The rice and the corn and the wheat,
The cotton and sugar and fruit,
The flowers and the fine honeycomb,
The country, so fair and so free,
The blessing and the glory of home...

Last night was the coldest of the new winter so far. I slept well for the first time in a while because of the change in the weather. I woke rested and feeling good before the alarm went off.

Before we could leave to see my dad, we had to watch the Macy’s Thanksgiving Day parade—well, at least the opening act. The daughter of one of our friends from church was a dancer in a show tune. She was one of 600 girls selected from across the nation to participate. That’s quite an honor—almost worth a trip to NYC. (Suna thinks we might have even seen her. I haven’t a clue.)

Then we were off to Dad’s. It was good to see him looking so healthy. He has put on a bit of weight since he can’t work like he used to. I do worry about him being so alone. He has only his cat now since he sold his remaining cattle. Still, I worried about him taking care of the cattle. They are so much bigger than he is, and his reflexes aren’t what they once were.

This year, Dad decided to plant winter wheat. After a Spring that was almost too wet to plant, he is worried that his wheat is very patchy because it has been too dry. It looks as if the birds and insects may have had their Thanksgiving dinner early. The south field looks OK, but the north field is more barren than growing. He hopes that some promised rain this weekend may help. I sure hope so.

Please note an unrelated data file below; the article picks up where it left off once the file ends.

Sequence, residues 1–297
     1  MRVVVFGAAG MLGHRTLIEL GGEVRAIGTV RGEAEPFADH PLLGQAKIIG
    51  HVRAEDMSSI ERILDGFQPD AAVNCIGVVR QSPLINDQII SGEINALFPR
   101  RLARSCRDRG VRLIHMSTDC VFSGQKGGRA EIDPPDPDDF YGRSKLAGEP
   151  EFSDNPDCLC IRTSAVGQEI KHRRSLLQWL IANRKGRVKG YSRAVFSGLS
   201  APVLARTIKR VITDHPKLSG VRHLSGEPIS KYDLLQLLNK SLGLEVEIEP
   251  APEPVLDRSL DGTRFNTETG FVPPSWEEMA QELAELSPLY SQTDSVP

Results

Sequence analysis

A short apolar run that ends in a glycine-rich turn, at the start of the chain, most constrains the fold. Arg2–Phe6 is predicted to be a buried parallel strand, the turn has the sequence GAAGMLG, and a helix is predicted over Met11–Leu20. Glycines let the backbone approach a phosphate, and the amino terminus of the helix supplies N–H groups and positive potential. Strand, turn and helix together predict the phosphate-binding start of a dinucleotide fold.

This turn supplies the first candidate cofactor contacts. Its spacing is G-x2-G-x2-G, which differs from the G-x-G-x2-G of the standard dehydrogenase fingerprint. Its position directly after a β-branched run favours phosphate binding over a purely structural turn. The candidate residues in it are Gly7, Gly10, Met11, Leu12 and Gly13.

This doesn’t capture the extent of the line, but I don’t really think that’s the point. Is it?
Photo by Suna

Thanksgiving Dinner was at Furr’s cafeteria. They have a decent buffet, and Dad really enjoyed it. He ate a lot, almost as much as I did. The line was long, and the wind at the entrance was cold. But we eventually made it inside where it was warm and the food smelled so good. There was a wide selection to choose from. The only bad thing was that the turkey on the turkey and dressing had the flavor and texture of soggy paper. The dressing was good, and there was real turkey breast waiting to be sliced a little farther down the line. That turkey was perfect. Dad says it was the best he ever had, but he says that about everything in his most recent meal&mdahs;it’s either the best or the worst ever.

What amazed me about the whole Furr’s experience was the line. They couldn’t keep people moving through the line fast enough to keep the dining area anywhere near full. And that was with people taking their sweet time eating, visiting, and digesting over the meal. Makes you wonder.

Then it was back to Dad’s house to watch the Cowboys take on the Jets. I think the game was entertaining, but I slept through much of it. Damned tryptophan. All I really remember of the game was the companionship and that the ‘boys won. OK. They smacked the Jets.

Then home: all-in-all, a little more than seven hours behind the wheel. We relaxed a bit and went to bed. It was about as good as it gets on Thanksgiving.

Monday, November 19, 2007

El Dorado

This is apparently the car or TubaBoy’s dreams. We’ll see if it can be done.